This is the eighth post in the “In Between” series.
I started work last week for my summer internship as required by my graduate program. Sparing too many details for the sake of some limited anonymity, I’ve been brought on as part of a small team to kick off an initiative to recruit young veterans into a tech training and internship program and to also develop a better understanding of the young, post-9/11 veteran population in the Bay Area and other metropolitan locations.
The organization already targets underprivileged young adults, so the point came up naturally in a discussion as to why veterans as a group should receive additional attention within the scope of the existing program.
First of all, this is a 100% appropriate point. Misunderstanding and “kid gloves” are far too pervasive when dealing with reintegrating veterans into the civilian workforce. We end up asking questions about all the ways veterans differ from civilians. What makes them different? What kind of student or employee can we expect veterans to be? What concerns or problems should we be prepared for that are unique to veterans?
My answer to the point is simple: veterans are just like anyone else. Sure there are some nuanced differences. I don’t have the data to back this up, but I can imagine that veterans in the “young adult” category (think under 26 years old) are more likely to have young families and are probably more likely to be divorced. They may also have increased chances for mental/behavioral health concerns.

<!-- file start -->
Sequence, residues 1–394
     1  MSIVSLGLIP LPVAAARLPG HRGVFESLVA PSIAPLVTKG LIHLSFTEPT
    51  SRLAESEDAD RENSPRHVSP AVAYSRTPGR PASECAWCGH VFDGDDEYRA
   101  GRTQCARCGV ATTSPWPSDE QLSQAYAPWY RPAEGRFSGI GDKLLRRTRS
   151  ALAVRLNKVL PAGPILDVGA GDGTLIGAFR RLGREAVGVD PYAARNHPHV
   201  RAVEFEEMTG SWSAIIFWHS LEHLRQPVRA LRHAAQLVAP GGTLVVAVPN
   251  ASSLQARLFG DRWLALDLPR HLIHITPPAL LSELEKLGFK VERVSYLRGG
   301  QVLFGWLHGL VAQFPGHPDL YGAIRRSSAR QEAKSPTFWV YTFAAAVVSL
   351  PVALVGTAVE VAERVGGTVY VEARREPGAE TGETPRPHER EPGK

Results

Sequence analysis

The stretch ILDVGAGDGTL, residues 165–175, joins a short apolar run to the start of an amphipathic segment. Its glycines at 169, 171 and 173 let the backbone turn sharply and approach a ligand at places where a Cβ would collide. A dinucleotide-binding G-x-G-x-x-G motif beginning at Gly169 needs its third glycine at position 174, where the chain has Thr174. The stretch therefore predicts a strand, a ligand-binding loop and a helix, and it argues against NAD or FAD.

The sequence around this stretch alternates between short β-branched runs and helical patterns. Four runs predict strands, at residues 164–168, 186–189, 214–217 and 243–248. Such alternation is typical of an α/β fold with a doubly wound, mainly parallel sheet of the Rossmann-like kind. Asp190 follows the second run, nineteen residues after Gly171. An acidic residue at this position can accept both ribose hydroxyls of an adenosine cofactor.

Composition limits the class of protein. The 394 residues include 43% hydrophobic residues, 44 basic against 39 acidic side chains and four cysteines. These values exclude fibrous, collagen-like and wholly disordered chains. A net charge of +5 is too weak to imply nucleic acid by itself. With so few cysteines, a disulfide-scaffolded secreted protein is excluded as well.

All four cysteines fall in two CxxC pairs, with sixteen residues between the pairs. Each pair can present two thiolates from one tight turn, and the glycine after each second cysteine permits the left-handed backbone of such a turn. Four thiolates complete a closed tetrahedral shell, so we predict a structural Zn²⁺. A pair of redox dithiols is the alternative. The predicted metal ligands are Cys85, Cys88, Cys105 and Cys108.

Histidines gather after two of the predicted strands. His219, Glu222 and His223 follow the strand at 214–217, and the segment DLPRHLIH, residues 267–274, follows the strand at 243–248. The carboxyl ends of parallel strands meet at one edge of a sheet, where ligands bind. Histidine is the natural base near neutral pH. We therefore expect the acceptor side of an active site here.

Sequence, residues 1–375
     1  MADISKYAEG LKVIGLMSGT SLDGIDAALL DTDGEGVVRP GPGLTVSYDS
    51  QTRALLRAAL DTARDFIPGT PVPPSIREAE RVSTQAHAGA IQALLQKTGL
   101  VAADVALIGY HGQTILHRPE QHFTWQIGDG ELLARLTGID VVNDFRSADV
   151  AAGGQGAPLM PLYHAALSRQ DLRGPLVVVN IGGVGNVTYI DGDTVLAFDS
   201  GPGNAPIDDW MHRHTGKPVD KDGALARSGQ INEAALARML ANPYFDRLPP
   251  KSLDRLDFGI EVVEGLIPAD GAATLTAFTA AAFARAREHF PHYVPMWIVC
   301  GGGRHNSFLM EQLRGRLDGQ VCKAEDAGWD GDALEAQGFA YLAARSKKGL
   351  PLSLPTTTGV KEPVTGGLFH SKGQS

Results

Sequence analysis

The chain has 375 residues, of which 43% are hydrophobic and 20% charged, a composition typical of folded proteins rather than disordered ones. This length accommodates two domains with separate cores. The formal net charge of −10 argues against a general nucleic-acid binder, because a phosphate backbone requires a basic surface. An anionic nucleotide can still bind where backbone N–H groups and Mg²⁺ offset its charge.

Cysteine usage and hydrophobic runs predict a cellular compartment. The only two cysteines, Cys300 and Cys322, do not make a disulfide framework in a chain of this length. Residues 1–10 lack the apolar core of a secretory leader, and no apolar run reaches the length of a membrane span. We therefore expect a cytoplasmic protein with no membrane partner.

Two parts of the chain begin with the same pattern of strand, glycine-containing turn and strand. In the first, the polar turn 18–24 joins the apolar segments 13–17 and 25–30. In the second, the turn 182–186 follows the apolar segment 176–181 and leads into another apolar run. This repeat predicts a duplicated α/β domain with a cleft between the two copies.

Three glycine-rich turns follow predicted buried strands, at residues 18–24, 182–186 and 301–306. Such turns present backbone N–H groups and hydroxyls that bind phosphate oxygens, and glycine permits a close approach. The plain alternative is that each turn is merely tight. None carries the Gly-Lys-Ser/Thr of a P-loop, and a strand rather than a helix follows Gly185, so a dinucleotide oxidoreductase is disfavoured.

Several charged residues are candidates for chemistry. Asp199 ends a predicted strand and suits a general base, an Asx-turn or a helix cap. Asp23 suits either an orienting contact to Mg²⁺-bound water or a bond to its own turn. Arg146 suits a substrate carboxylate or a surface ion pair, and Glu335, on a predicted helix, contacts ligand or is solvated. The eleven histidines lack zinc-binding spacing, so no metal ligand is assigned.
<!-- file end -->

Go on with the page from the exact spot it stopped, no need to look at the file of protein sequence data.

Based on my program’s target student population, however, many veteran issues would not be unique to the organization, which has the capacity to address many problems. Which, again, begs the question: why veterans?
What makes veterans different in this case is that they are trying to plug back into society but might need help doing so. When veterans entered service, they unplugged from mainstream society and plugged into the military world. After a few years, they might have chosen to finish their enlistment and exit the service. They unplugged from the military and now must plug back into civilian life, whether that’s school or the workforce.
But maybe the socket isn’t in the same spot it used to be, or maybe the veteran’s plug changed shape.
Maybe this metaphor is useful, and maybe it isn’t. What makes sense to me is that it strips away the pseudo-patriotic and woe-is-me perspectives for something more helpful in the long run. In a recent interview with Task & Purpose’s Adam Linehan, Sebastian Junger (author of the new book Tribe and director of the film “Restrepo”) said this about returning veterans:
But right now they need to be transitioned back into “normal life.” And if they’re overly valorized, we’re basically saying, “You’re not a normal person.”
Bottom line: in most ways that matter, veterans — especially young, post-9/11 ones — aren’t that different. Perhaps they’re just unplugged, that’s all.
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